6.6/10
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19 user 10 critic

Young Cassidy (1965)

Biographical drama based on the early life of playwright Sean O'Casey, depicting his rise from the 1910 Dublin slums to the celebrated openings of his early plays. Johnny Cassidy, an ... See full summary »

Directors:

, (uncredited)

Writers:

(screenplay), (autobiography "Mirror in My House")
Reviews
Nominated for 2 BAFTA Film Awards. See more awards »
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Cast

Cast overview, first billed only:
...
...
...
...
W.B. Yeats
...
Lady Gregory
...
Mrs. Cassidy
...
Archie
...
Ella
...
Tom
Julie Ross ...
Sara
Robin Sumner ...
Michael
Philip O'Flynn ...
Mick Mullen (as Phillip O'Flynn)
...
Bessie Ballynoy (as Pauline Delany)
Arthur O'Sullivan ...
Foreman
Joe Lynch ...
1st Hurler
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Storyline

Biographical drama based on the early life of playwright Sean O'Casey, depicting his rise from the 1910 Dublin slums to the celebrated openings of his early plays. Johnny Cassidy, an impoverished idealist whose ambitions are restricted by the demands of looking after his family, journeys through the social injustices of Dublin life - involving himself with the rowdy tramway-men strike, dawdling with prostitute Daisy Battles, seeking a better life. He falls in love with bookshop assistant Nora who encourages him toward a life of writing. Finding success at the Abbey Theatre, his unorthodox views estrange him from family, friends and his own past. Written by alfiehitchie

Plot Summary | Add Synopsis

Taglines:

No man is more earthy, none soars higher than he! See more »

Genres:

Biography | Drama

Certificate:

See all certifications »
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Details

Country:

Language:

Release Date:

22 April 1965 (Argentina)  »

Also Known As:

El soñador rebelde  »

Filming Locations:

 »

Company Credits

Show detailed on  »

Technical Specs

Sound Mix:

Color:

(Metrocolor)

Aspect Ratio:

1.66 : 1
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Did You Know?

Trivia

Rod Taylor said this was his favorite film that he starred in. See more »

Goofs

The story is set around 1910. One hour into the story a horse and carriage pass by. A 1960s-era car is seen turning at an intersection where it just came from. See more »

Crazy Credits

Billed as "A John Ford Film", although Jack Cardiff is credited as sole director. See more »

Connections

Referenced in Rod Taylor: Return to Oz (2005) See more »

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User Reviews

 
not great
3 April 2016 | by (United States) – See all my reviews

"Young Cassidy" is based on Sean O'Casey's autobiography of his early years, "A Mirror in My House."

Set in the early 1920s in Dublin, Johnny Cassidy is from a large, working class family and, like most families, struggles to put food on the table. His sister gave him a love of reading and writing which belies his rough exterior. Johnny loves his family, and feels the loss of family members very deeply, particularly his sister and his mother (Flora Robson).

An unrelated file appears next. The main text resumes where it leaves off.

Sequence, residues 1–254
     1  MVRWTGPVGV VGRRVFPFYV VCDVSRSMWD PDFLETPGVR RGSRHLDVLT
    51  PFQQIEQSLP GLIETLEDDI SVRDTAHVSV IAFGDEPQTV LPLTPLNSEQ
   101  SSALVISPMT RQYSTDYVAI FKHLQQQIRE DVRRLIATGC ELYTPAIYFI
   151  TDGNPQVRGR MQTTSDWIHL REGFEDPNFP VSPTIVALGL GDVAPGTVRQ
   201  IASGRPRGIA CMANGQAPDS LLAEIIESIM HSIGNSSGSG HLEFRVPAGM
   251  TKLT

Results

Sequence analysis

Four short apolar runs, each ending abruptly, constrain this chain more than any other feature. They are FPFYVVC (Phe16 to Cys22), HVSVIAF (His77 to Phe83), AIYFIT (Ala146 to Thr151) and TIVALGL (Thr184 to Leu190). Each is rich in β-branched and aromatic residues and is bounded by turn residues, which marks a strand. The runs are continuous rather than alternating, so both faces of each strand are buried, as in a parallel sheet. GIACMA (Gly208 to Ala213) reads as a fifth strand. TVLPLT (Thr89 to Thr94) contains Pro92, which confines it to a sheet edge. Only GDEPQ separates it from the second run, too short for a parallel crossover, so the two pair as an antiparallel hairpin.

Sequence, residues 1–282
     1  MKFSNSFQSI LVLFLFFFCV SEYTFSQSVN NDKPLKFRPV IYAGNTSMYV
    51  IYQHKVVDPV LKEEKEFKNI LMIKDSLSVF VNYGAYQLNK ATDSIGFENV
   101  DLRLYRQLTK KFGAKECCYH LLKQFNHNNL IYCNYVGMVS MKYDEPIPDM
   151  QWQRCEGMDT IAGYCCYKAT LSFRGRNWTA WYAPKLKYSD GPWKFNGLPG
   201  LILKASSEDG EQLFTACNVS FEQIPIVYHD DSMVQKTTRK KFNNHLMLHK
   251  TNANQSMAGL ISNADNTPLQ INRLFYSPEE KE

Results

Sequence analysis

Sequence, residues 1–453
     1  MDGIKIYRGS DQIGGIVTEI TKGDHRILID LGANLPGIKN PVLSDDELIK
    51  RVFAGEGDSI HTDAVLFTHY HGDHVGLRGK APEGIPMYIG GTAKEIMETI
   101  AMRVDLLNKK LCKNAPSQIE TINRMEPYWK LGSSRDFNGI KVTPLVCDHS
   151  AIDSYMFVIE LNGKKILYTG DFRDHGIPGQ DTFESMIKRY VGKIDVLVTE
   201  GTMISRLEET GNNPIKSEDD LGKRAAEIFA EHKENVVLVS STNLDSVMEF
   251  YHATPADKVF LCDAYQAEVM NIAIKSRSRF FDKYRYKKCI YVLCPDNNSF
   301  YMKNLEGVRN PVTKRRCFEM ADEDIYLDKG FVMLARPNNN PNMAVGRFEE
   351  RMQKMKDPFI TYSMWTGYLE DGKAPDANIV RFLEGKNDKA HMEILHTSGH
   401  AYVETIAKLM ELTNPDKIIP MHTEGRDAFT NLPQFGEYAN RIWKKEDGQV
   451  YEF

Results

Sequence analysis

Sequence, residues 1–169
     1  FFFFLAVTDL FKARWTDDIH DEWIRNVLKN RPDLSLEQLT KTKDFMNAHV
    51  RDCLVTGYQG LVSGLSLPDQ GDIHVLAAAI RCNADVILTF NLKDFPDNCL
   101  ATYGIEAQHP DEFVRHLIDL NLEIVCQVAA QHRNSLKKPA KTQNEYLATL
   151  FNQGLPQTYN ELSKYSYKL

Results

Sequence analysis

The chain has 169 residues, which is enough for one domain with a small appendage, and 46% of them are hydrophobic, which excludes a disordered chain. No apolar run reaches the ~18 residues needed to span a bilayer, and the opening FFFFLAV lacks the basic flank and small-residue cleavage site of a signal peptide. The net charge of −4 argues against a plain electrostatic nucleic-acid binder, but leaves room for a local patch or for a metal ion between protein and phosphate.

But Johnny is young and enthusiastic, and, as portrayed by Rod Taylor, very attractive. (I don't think the real O'Casey was quite as good- looking.)

Cassidy becomes involved with a prostitute, Daisy Battles (Julie Christie), and his good friend is Mick Mullen (Philip O'Flynn). Mick gets him involved in Irish nationalism, defending the working class, and ending the British rule over Ireland.

Much of that activism seeps into his writing and informs it. One day, walking into a bookstore, he mets Nora (Maggie Smith), the clerk, and ultimately they fall in love.

Little by little, Cassidy finds success as his work is published and the Abbey Theatre decides to put on his plays. This is a controversial and difficult decision, as there will be some who will find the plays unacceptable. But the founders, William Butler Yeats (Michael Redgrave) and Lady Gregory (Edith Evans) take that chance anyway.

A powerful story with good production values that was let down by the script. It's a shame with a cast like this to give them such weak writing. Frankly, it was difficult for me to keep my attention on the movie.

But the making of the film was not without problems. John Ford became ill and was replaced by Jack Cardiff and supposedly only 4 minutes of Ford's work remained in the finished film. Had Ford's hand been all the way through, the film might have come off better.

Ford wanted Peter O'Toole or Richard Harris in the lead, and the role was offered to Sean Connery. Any one of them would have been effective and had great gravitas, but there was nothing wrong with Rod Taylor's work. And I think casting him gave the other actors a chance to shine as well.

The big surprise for me was Flora Robson as Cassidy's mother. In Fire over England (1937) I would have told you she was in her fifties, so I assumed she would be doddering around in this. She was 35 in 1937 and 63 here. She's excellent as Cassidy's encouraging and loving mother.

All in all, interesting, but for me, not really great. Deserves to be seen for the acting and the production values.


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